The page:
My question specifically, how has the curvature of the universe remained just about flat topologically as the universe has expanded and thus if the expansion of the universe is accelerating then suppose in a few billion years will there be a decrease in energy density of matter that causes the curvature to change( e.g. to being more hyperbolic) ?
You are mixing different concepts and things. First, the universe is flat is its space dimensions, and will always be so. Spacetime is curved but it is the time dimension that contributes to it, while you can consider the constant cosmological time spatial slices as flat. Easy to get confused.
The dark energy density already is larger than the matter density, 67% of total energy density vs 33%. As we go to the future the universe expands diluting the matter density but the energy density remains the same, and eventually is all there is (yes, billions of more years). Since there is more space as the universe expands, a constant dark energy density means more total energy. But this energy has negative pressure and causes acceleration of the expansion. This is all part of the standard cosmology model, the so called Lambda-CDM model (lambda for the dark energy labeled that way, CDM is cold dark matter which is about five time more than normal matter)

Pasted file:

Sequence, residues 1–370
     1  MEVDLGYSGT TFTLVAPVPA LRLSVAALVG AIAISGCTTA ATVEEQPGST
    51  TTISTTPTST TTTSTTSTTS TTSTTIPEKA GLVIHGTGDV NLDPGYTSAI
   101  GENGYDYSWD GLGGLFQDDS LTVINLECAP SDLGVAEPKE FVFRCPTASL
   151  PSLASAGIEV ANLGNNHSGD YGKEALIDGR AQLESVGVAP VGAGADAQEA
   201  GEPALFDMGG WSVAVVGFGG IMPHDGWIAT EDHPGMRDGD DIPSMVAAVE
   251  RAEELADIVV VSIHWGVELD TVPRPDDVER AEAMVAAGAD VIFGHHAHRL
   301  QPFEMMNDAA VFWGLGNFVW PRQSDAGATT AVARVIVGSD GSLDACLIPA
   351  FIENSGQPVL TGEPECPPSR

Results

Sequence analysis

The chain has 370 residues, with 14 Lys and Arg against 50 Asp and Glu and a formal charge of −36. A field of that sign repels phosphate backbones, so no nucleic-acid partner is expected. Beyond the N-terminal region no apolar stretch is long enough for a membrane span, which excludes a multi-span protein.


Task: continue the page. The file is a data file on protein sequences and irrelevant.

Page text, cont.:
So as we go further to the future the spatial slices continue to be flat (in the large scale), and as it expands faster it becomes more and more homogeneous, with all matter diluting. The scale factor (defined as 1 now, meaning the ratio of the spatial dimensions sizes to today's) as we come closer to 100% dark energy, starts growing exponentially with an e-doubling time the inverse of the Hubble parameter, and the universe expansion rate and acceleration grow with the same exponential e-doubling time. This spacetime at late stages is so called deSitter spacetime, and can be sliced as in cosmology with flat spatial slices. See the cosmology model at
and the deSitter model at https://en.m.wikipedia.org/wiki/De_Sitter_universe
And deSitter spacetimes at https://en.m.wikipedia.org/wiki/De_Sitter_space